Get Complete Project Material File(s) Now! »

## Conservative accounting and zero net present value investments

Goodwill can reflect either the understatement of the value of existing assets or the anticipation of future positive NPV investments. In this case unbiased accounting results in capitalization of the initial investment in operating assets. Conservative accounting, in contrast, results in capitalization of only a fraction of that investment and expensing of the remainder. As a result, conservative accounting, on average, results in low earnings in the early periods and large earnings in the later period.

### Growth and firm value for shareholders:

The two preceding models have been developed from the hypothesis about the dynamics of total earnings expressed in monetary units but it is normal to decompose earnings as a product of a volume capital invested and rate of return. In the previous models, the appraisal is done through capital invested BV. But nothing has been said about evolution of return on equity ROE.

The first model permitting the evolution of ROE. In fact, we can write:

Noting 1+ c = Bt , the estimated growth in the capital, we get:

It is clear that nothing is supposed in the previous model on dynamics of c. It may be varying. However, if c varies, it implies a negative variation and perfectly compensates the persistence of increase in ROE and the increase of the growth factor on cost of capital. Is it a reasonable hypothesis? This question can be answered only empirically.

#### Rent and Firm value for its shareholders:

One of the major critics on the previous modeling is in choosing an autoregressive model for residual income. One supposes that this residual income tends to 0 with time, meanwhile it is difficult to accept this idea that the company can generate investment opportunities at NPV zero. This supposes extremely strong condition of competition. We purpose the following modeling in terms of ROE.

**INFLATION ADJUSTMENT OF RIV**

In this section we summarize the findings of John O’Hanlon and Ken Peasnell (2004) which they presented in the article “Residua l Income Valuation: Are Inflation Adjustment Necessary? They argue that, in a setting in which accounting numbers and forecasts thereof are normally presented in historical cost terms, the inflation adjustment of RIV is likely to bring unnecessary complications to the valuation process, with increase scope for error. They present two formulations of RIV, each of which is based on inflation –adjusted income measure that has appeared in prior literature. The first formulation is based on current cost residual income. The second is based on real current cost residual income, being current cost residual income less a purchasing- power capital maintenance charge. They demonstrate that each is equivalent to the standard historical cost of RIV; consequently, neither is any more correct nor any less correct than that standard formulation of RIV.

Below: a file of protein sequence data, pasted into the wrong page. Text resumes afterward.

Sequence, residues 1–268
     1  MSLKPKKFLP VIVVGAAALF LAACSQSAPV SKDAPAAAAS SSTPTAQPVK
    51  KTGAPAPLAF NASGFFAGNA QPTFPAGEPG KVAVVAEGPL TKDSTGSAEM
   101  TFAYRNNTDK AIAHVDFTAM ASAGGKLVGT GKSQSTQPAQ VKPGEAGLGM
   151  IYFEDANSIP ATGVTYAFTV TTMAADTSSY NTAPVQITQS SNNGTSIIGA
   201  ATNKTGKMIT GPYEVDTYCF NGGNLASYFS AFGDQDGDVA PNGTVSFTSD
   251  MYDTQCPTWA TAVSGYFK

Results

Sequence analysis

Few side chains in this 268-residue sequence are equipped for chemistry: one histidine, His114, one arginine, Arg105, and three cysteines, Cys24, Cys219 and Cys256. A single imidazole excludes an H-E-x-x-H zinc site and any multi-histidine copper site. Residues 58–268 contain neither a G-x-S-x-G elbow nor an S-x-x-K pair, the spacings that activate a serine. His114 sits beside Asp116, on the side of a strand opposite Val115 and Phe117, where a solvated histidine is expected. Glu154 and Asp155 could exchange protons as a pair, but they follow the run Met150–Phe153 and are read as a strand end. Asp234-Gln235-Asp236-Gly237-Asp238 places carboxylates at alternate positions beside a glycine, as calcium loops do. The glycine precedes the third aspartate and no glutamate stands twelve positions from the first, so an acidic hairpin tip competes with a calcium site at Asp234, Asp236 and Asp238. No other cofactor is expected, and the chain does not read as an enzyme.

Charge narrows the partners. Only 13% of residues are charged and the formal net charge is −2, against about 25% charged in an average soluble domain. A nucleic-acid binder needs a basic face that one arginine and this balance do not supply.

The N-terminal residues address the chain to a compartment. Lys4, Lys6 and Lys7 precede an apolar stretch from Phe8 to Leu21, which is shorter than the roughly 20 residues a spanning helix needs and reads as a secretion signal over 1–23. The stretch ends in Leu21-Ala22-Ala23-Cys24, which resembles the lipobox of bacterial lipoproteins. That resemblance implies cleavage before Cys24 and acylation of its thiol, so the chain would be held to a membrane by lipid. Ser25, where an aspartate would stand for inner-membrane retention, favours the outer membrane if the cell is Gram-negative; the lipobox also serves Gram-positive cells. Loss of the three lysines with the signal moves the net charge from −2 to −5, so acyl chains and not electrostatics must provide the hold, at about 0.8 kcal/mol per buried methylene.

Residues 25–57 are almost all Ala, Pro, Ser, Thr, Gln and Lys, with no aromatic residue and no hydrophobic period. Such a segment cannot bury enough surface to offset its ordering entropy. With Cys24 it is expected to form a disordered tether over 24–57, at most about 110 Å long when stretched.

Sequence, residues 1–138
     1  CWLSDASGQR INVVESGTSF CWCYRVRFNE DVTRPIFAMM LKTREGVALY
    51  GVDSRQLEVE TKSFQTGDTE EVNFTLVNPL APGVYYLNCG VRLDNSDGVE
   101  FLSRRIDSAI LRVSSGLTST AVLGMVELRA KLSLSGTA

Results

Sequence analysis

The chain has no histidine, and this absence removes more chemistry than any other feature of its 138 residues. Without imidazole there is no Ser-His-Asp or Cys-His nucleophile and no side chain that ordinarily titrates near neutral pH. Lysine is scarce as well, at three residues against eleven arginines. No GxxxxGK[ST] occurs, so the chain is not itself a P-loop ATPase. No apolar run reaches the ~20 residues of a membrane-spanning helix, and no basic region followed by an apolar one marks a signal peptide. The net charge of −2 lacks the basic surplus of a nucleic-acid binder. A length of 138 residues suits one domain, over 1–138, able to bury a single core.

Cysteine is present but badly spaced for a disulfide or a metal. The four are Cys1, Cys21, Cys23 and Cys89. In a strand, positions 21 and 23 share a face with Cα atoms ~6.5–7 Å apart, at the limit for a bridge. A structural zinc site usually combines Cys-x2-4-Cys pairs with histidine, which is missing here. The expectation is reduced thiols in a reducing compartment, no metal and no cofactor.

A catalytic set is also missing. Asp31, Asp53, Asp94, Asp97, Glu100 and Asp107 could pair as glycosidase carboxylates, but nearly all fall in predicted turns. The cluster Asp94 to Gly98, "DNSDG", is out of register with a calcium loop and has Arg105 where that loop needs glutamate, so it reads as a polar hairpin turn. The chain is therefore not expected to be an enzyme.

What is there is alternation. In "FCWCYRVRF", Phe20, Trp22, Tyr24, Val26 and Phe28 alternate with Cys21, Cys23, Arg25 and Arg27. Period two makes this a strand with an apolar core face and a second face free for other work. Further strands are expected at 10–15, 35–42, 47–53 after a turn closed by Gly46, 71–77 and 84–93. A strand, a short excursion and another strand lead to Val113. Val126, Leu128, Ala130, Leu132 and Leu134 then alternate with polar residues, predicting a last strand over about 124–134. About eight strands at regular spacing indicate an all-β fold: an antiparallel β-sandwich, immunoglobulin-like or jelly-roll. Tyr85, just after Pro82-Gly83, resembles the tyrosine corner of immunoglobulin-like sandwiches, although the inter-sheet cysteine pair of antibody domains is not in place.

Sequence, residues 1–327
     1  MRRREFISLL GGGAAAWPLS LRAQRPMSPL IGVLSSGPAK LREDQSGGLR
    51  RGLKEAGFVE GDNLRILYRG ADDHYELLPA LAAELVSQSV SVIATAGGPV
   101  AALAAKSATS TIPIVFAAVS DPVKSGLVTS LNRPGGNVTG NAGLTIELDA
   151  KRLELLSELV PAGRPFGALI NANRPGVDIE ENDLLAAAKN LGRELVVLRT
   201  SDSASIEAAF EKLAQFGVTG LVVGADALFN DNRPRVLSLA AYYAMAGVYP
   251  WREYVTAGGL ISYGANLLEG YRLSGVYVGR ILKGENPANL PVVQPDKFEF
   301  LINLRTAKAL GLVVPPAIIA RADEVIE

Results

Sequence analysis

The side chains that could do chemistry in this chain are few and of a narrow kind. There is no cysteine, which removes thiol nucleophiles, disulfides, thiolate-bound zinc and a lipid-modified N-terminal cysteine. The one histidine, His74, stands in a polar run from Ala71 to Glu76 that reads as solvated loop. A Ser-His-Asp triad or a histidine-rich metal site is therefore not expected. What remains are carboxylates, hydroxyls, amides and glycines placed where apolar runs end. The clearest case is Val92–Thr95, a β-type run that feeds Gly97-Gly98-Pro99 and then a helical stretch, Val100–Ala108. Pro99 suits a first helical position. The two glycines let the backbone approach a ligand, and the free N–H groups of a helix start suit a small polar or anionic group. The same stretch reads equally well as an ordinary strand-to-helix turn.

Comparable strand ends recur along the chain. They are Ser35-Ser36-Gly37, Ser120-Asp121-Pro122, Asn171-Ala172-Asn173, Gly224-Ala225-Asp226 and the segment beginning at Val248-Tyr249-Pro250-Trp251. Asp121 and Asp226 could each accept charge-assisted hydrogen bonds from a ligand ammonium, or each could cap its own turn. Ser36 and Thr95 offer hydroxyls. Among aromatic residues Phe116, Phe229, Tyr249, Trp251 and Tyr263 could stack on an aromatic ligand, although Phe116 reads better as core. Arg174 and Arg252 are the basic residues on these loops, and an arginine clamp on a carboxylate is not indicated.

**Residual Income –Based Valuation Using Histori cal Cost Numbers:**

RIV has three foundations that is present value relationship (which is the corner stone of theory of asset valuation), clean surplus relationship and Residual Income denoted by the following expressions: Where Pt is the intrinsic value of equity at time t, dt is the dividend net of new equity contribution at time t , Re , tk denotes the nominal cost of equity EBITDth , less applicable to the equity capital of time t+k-1, and Et . denotes expectations at time t. All transaction are assumed to occur at the end of the relevant period. Where BV denotes the book values of equity and X denotes the earnings. Residual Income assumption is given by:

**Table of contents :**

Acknowledgements

Table of contents

General Introduction

**Chapter 1: Residual Income (R.I.V.) and Abnormal Earnings Growth (A.E.G)**

Models

**Section1**

**1. Introduction**

Section

2. The Ohlson Model

2.1.1 The present value of expected dividends

2.1.2 Residual Income Valuation

2.1.3 Linear Information Model

2.1.4 Discounted cash flows (under risk neutrality) and Ohlson model

2.2 Feltahm- Ohlson (1995) Model